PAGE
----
A Worst Case Scenario

A good way of dealing with uncertainty is to calculate the worst possible outcome. In the case of global warming, that would be if all the ice in the world melted.

That would produce a rise in sea level of 66 meters spread over a period of between 2,000 and 20,000 years, and the loss of just 3% of our available land.

The study is here, hat tip Junk Science.com. It’s solid stuff – allowing for the fact that floating ice won’t raise levels when it melts, that many areas below the new sea level will stay dry (if there’s no way for the sea to reach them), and that, freed of their ice burden, Antarctica and Greenland would rise. The result is (my ellipsis):

Some larger areas now underwater (in a simulation of a 66 meter rise) are the southeastern United States, part of the Amazon River basin, northern Europe, Bangladesh, parts of Siberia along the Arctic Ocean, and portions of mainland China…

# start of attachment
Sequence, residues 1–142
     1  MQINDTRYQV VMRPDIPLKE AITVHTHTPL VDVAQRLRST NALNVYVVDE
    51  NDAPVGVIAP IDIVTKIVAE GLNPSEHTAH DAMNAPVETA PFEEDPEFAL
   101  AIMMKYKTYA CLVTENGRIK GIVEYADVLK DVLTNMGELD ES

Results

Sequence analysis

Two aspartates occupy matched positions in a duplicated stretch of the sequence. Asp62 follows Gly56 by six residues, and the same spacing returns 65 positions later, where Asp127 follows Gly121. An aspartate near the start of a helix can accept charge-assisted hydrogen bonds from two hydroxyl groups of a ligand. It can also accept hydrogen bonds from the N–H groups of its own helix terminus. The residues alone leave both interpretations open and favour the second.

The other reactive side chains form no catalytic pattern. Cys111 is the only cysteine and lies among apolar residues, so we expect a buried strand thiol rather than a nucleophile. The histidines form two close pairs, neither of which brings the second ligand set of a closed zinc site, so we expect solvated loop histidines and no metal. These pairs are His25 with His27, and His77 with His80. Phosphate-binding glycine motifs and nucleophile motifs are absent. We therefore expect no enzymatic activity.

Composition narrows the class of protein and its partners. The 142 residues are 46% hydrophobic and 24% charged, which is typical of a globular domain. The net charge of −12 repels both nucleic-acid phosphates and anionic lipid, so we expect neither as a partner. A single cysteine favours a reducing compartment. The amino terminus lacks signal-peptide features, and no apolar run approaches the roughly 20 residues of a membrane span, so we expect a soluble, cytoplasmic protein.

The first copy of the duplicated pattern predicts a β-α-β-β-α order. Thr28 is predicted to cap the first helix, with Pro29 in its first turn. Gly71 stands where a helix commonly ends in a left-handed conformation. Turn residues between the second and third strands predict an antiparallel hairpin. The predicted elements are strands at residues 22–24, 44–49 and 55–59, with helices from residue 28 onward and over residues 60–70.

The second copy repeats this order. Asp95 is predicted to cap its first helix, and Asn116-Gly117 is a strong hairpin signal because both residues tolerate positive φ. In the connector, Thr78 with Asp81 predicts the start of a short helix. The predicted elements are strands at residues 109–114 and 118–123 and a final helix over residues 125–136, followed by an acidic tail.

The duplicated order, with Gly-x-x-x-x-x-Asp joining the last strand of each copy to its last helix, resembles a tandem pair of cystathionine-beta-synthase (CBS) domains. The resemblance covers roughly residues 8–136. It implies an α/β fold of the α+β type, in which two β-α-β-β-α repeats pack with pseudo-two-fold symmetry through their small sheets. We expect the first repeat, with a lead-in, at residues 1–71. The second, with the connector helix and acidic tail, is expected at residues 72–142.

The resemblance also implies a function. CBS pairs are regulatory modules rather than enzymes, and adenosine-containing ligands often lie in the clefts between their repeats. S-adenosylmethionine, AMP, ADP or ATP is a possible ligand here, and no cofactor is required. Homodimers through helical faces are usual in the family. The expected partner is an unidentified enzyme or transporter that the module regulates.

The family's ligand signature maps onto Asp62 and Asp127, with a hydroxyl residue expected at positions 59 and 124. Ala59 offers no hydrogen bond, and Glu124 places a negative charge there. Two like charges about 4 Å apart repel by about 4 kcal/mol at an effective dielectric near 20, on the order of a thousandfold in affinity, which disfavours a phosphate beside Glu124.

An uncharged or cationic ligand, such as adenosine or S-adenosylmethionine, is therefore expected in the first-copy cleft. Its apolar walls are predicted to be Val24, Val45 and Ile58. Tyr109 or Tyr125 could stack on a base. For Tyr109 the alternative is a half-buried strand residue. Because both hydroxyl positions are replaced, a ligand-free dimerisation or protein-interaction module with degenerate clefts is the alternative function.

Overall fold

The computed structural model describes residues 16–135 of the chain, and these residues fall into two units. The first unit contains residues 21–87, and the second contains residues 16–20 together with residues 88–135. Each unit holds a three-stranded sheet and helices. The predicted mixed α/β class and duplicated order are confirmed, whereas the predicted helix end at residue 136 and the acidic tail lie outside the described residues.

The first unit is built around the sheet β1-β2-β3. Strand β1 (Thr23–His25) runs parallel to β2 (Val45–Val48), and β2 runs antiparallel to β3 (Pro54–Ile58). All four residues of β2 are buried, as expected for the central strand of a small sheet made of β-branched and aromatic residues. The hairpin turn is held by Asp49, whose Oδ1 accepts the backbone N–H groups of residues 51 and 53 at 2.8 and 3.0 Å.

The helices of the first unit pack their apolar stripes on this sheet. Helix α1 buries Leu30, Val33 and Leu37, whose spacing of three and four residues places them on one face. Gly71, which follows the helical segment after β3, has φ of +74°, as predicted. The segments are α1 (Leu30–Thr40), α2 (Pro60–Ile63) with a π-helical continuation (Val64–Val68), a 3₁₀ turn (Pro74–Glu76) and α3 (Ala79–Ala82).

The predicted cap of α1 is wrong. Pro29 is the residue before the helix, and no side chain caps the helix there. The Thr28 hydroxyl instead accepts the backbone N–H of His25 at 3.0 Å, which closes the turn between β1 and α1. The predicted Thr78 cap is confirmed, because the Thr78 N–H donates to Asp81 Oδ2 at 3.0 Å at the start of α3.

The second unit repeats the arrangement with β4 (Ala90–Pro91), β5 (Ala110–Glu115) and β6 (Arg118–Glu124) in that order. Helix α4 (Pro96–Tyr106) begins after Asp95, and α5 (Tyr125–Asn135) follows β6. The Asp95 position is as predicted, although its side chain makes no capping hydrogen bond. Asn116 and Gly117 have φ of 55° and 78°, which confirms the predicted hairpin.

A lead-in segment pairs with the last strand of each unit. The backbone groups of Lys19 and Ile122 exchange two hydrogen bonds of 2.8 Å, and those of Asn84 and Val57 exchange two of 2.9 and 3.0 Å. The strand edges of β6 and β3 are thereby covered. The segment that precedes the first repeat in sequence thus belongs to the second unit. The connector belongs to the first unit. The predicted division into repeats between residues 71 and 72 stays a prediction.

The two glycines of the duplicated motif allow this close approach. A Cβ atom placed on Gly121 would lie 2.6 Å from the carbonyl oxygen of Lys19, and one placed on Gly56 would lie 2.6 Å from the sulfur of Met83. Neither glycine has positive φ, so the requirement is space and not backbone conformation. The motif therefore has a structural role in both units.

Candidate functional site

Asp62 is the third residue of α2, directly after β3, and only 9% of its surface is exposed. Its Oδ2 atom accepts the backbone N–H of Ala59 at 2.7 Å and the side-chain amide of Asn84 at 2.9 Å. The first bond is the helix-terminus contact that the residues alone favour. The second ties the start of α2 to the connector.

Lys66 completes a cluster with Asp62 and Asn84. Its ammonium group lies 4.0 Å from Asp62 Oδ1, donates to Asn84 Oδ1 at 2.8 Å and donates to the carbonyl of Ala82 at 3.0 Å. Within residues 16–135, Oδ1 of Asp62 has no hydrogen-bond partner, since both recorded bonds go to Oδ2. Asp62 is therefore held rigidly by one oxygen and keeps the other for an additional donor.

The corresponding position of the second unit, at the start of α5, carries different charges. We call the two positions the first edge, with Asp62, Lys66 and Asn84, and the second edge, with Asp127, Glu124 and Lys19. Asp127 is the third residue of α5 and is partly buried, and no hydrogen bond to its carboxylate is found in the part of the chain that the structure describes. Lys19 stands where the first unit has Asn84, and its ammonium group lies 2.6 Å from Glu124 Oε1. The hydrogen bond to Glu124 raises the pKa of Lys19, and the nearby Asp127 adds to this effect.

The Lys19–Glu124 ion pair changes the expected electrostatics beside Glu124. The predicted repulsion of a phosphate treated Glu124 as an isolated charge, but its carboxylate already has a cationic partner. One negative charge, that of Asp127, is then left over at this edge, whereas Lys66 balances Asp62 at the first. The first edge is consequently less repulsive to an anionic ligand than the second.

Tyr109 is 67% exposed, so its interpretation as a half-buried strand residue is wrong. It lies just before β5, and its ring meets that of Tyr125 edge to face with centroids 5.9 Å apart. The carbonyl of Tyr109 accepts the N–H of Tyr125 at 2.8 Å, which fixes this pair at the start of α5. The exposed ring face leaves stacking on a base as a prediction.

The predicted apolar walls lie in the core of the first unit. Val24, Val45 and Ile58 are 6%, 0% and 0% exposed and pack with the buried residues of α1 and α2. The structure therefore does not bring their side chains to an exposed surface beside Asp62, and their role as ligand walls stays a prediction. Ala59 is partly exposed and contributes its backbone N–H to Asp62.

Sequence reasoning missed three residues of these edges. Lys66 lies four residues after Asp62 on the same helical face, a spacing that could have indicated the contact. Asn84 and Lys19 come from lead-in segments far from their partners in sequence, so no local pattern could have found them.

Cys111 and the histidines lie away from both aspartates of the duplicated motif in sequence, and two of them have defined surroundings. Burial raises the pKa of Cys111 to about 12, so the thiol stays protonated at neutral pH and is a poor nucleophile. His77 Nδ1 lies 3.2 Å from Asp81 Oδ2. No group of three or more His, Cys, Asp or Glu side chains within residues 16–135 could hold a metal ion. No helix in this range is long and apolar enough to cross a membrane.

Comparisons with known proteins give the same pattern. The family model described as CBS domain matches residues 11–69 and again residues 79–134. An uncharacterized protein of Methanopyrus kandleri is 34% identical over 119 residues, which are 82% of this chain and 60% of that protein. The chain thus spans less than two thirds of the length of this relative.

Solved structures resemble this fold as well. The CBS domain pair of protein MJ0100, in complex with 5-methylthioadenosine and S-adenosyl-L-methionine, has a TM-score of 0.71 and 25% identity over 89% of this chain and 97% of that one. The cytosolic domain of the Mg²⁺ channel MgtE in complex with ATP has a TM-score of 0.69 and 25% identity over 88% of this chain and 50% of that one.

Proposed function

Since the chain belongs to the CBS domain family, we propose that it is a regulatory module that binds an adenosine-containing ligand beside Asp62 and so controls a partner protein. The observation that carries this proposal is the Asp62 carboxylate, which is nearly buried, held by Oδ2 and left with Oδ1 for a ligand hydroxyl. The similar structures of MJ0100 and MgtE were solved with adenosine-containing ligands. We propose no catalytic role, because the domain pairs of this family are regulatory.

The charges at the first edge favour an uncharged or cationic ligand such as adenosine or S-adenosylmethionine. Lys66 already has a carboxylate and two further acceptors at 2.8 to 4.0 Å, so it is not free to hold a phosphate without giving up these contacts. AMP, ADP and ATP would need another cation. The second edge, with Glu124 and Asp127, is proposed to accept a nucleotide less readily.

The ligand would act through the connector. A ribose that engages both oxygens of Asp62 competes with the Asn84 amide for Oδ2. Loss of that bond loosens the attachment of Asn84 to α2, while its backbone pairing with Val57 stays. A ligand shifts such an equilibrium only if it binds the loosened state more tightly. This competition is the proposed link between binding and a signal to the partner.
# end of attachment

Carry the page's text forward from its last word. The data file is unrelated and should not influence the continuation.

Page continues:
So why wouldn’t people drown? Again, a change in the Earth this dramatic would take thousands of years to effect from any realistic cause.

Over generations people would migrate as the coasts changed. Consider that virtually all of the settlements in the United States were established only in last 350 years.

Incidentally, the analysis points out that just 16,000 years ago, when men are thought to have first entered the Americas via the Bering land bridge, things were much worse:

During the last Ice Age the maximum extent of glaciation was around 16,000 B.C. At that time large ice sheets covered all of Canada, much of the American midwest and northeast, all of Scandinavia and some surrounding regions of Eurasia.

The total volume of ice then was perhaps 80,000,000 cubic kilometers, or between two and three times as much as today.


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